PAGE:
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PGP and PGPMail

PGP stands for "Pretty Good Privacy" and it allows people to exchange email with both privacy and authentication.

How To Create The PGP Mail Key

Before using PGPMail, you will need to create a public key using your email software. Your email software should have instructions to create the key. Once the key is created, enter the PGP option inside your control panel, paste the PGP Key text into the box provided, and then click add.

The key code should look similar to the following:

Version: PGPfreeware 5.0i for non-commercial use

Using PGP Mail

To use PGPMail, you need to create a form on one of your web pages.

The form action line should be:

<FORM ACTION = "/cgi-sys/pgpmail.pl" METHOD = "POST">

pgpmail.pl will do all the programming work for you. You alter the behavior of pgpmail by using hidden fields in your form.

Necessary PGP Form Fields

There are three form fields that you must have in your form for PGPMail to work correctly. This is the recipient, username, and keyname fields.

RECIPIENT - This form field allows you to specify to whom your form results should be mailed. Most likely you will want to configure this option as a hidden form field with a value equal to that of your e-mail address.  The code should be written as follows:

 <input type="hidden" name="recipient" value="youremail@yourdomain.com">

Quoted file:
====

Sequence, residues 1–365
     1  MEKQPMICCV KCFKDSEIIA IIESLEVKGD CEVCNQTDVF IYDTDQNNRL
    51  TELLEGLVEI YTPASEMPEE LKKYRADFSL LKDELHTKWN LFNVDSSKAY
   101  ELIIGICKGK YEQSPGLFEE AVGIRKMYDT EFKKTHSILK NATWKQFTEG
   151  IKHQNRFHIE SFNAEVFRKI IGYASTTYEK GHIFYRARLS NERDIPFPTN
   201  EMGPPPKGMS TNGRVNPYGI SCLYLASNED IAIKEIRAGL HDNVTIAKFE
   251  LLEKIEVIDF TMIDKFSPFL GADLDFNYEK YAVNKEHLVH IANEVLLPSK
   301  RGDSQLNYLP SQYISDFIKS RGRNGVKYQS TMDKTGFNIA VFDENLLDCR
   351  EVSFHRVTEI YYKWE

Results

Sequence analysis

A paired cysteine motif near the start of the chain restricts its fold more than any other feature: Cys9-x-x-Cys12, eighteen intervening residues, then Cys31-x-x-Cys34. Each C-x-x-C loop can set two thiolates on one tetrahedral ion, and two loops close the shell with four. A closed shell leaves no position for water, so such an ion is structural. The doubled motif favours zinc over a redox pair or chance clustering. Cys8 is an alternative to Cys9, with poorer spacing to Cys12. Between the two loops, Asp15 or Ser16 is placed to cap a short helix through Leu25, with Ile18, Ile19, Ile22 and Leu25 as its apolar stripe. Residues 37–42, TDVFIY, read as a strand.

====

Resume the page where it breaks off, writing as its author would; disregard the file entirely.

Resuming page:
- This form field allows you to specify your username in the system. This allows PGPMail to look for the configuration files to encrypt the mail to be sent to you. You should replace "yourusername" with your main username on the system.  This is the username you use to login to your domain.

 <input type="hidden" name="username" value="yourusername">

KEYNAME - This allows you to specify the name of your public key. This will be the public key that PGPMail uses to encrypt your mail. You must possess the private key in order to decrypt the email that is sent. You can get your public key name by going to the PGP Manager. It is typically just your email address.

 <input type="hidden" name="keyname" value="publickeyname">

Optional PGP Form Fields

SUBJECT - The subject field will allow you to specify the subject that you wish to appear in the e-mail that is sent to you once your form is submitted by the user.  If you do not use the subject field, the e-mail will come through with a default subject of "WWW Form Submission"

To choose your own subject, use the following code:

<input type="text" name="subject" value="Your Subject" size="20">

Replace "Your Subject" with what you want your subject to be.  You can also modify the size value.  This signifies the length of the text box as it appears on your form.

EMAIL - This form field will allow the user to specify their return e-mail address. It will also indicate to you where the e-mail originates from when you receive it in your e-mail program.

 <input type= "text" name="email" size="20">

As with the previous explanation, the size indicates the length of the text box on your form.  You can modify this as necessary.

REALNAME - The realname form field will allow the user to input their real name. This field is useful for identification purposes and will also be put into the From: line of your message header.